One thing we noticed was that though capitalism has arrived through these markets, their is little sign of competition and consumer choice.
Many of the crafts vendors sold exactly the same products for exactly the same price. In fact, there was not much overall variety in various stands' selections.
Most small capitalist groups, like these craft sellers, seem to rely on tourist money. Most Cubans have no desire to own an engraving of De La Punta Castro on a little plate, much less pay US$2 for it.
When approaching a book stand in the Cathedral Mall in Havana, tourists are showered with attention by the vendors while locals are ignored (and free to browse without disturbance).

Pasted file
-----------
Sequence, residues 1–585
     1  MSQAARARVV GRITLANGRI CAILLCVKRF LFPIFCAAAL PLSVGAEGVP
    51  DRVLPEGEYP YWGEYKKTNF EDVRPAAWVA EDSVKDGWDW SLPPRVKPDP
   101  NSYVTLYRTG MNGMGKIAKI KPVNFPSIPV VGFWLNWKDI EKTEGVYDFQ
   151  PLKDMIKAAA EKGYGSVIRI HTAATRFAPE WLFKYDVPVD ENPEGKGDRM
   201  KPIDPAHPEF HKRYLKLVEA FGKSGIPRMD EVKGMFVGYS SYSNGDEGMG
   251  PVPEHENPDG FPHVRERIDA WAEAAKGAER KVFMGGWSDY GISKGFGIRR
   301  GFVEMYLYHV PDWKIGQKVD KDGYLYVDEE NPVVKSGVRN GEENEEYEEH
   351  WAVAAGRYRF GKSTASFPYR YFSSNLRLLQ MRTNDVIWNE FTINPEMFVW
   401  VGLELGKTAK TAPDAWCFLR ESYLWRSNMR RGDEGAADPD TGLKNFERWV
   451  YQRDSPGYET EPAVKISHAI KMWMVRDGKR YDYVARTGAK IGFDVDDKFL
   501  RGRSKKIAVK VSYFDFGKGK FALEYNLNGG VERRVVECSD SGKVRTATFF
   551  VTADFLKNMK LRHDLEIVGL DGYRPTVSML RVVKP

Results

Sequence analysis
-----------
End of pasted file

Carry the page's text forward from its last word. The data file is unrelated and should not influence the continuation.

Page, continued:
Another recently allowed business is the private restaurant, or paladar. These restaurants are noticeably more expensive than the state-owned ones, at least for tourists.
Since we were visibly tourists, we were always charged in dollars. Cubans may be, for example, served at private restaurants and charged much less in pesos.
Dollar stores, which are state-owned, are present to try to soak up the dollars entering the country. The Cuban Government is greatly in need of hard currency. The government's strategy is that tourism will bring dollars into the economy and the hands of citizens, who will spend them at state-run